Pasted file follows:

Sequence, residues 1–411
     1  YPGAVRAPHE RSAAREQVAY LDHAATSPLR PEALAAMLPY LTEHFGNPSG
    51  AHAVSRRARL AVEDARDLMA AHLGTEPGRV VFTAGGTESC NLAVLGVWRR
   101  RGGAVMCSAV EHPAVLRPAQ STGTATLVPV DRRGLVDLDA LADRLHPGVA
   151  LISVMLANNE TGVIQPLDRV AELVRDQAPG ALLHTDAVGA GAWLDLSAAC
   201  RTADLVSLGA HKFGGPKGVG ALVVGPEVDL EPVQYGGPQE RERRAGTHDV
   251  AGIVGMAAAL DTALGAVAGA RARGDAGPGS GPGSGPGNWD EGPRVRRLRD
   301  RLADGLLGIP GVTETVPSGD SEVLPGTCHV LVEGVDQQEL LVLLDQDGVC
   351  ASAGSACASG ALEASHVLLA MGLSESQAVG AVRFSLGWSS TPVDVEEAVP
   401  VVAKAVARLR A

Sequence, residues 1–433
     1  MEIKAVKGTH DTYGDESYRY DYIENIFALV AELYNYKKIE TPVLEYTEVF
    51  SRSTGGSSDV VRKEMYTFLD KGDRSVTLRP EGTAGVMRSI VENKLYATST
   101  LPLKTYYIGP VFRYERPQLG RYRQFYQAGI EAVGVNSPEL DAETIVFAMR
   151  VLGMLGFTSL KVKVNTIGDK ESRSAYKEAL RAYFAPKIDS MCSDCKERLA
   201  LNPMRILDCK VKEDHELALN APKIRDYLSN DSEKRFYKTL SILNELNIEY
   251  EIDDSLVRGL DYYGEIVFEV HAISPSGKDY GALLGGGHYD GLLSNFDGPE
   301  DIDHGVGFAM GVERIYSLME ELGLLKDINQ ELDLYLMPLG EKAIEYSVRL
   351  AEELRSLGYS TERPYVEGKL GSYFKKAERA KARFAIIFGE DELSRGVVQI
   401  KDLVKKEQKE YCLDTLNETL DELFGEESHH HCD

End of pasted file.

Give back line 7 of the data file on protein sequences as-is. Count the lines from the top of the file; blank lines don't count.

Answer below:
   251  AGIVGMAAAL DTALGAVAGA RARGDAGPGS GPGSGPGNWD EGPRVRRLRD